The Cyclopedia of New Zealand [Wellington Provincial District]
Te Horo is a small settlement on the Wellington-Manawatu Railway line, and is forty-three miles from the Capital. The residents of the district are chiefly engaged in farming pursuits. Education for the rising generation is provided at a public school, at which the average attendance is about thirty. The nearest telegraph office is at Otaki, which is four miles to the north. Mails for Te Horo close daily at Wellington at 6 a.m., arriving at Te Horo at 9 a.m. Mails close daily at Te Horo at 9 a.m., arriving at Wellington at 1 p.m.
The Te Horo Road Board consists of five wardens, and controls the district between the Otaki River and Waikanae. There are about twenty miles of formed roads, and a rate of three-eights of a penny in the pound is levied on rateable property to the value of £185,000. The members of the Board for 1896 are:—Messrs. W. H. Simcox (chairman), H. B. Horsbrough, H. Win-Hey, E. H. Bugg, and H. J. Richards.
Te Horo Public School, which is erected on a good section of two acres of land presented to the Board of Education by Mr. James Gear, is a capital building of the usual design. There are 39 scholars on the roll, the average attendance being 33. The headmaster, Mr. Alexander McBain, has been successful in passing his pupils at the various examinations, in the last instance all save one child having succeeded with credit to themselves and their teacher.
Te Horo Sheep Station adjoins the Wellington-Manawatu Company's line, the Te Horo Railway Station being very near to the homestead, which appears in the engraving herewith. This fine estate, which belongs to Mr. James Gear—wellknown as one of the pioneer butchers of Wellington, and whose name is prominent in connection with the frozen meat industry—was originally mostly a huge swamp. This has been thoroughly drained. The main drain, which is two miles in length, extends to the beach: it measures twenty-five feet at the top and eleven feet at the bottom, and has admirably served the purpose intended. A considerable portion of the farm has been ploughed, sown down in English grasses, and sub-divided into convenient sized paddocks. About 10,000 sheep are depastured on the property, special attention being given to breeding and fattening for the London and local markets. The stock are sent to the Gear Co.'s freezing works at Petone, which are fully described on pages 826 and 827 of this volume.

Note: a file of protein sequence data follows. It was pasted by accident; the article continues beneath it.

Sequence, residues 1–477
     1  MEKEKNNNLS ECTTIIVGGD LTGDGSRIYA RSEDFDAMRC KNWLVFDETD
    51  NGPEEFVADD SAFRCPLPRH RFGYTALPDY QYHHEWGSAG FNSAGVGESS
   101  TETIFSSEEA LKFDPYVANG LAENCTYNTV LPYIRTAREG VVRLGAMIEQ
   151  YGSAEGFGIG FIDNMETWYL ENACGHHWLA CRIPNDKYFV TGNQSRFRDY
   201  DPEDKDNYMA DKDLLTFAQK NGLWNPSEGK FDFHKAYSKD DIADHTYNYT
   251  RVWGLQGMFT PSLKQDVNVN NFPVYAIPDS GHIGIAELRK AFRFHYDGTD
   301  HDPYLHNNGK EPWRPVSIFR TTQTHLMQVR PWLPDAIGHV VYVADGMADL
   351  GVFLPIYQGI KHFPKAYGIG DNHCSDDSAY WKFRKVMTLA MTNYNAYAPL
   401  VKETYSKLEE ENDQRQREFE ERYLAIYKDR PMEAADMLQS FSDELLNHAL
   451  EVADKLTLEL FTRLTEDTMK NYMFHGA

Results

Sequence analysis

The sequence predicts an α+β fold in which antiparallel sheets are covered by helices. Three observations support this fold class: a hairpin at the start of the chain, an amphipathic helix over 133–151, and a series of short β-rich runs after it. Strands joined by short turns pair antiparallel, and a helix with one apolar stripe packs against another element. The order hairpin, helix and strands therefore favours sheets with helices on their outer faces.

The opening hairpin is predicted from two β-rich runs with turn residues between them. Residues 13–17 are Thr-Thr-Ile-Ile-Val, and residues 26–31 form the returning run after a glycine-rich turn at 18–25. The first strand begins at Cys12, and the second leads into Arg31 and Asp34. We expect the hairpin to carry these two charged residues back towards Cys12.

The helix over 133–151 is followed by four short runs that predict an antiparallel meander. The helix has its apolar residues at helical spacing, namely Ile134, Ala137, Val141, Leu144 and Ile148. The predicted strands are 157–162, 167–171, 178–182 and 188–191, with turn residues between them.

Mr. James Waugh, Manager of Mr. James Gear's farm at Te Horo, was born in 1859 in Roxburghshire, Scotland, where he was educated. Arriving in Port Chalmers in 1881, per ship “Oamaru,” Mr. Waugh was employed as a shepherd for three years on Mr. Riddiford's station on the East Coast, where there were 34,000 sheep and 5000 head of cattle. After twelve months at Featherston he came to Te Horo to take charge of Mr. Gear's farm, which has been greatly improved under his energetic management, the stock carried having since been increased from 800 to 10,000 sheep. In 1886 Mr. Waugh was married to Miss Urquhart, of Inverness, and has five sons and a daughter.
Mr. J. Waugh's Residence.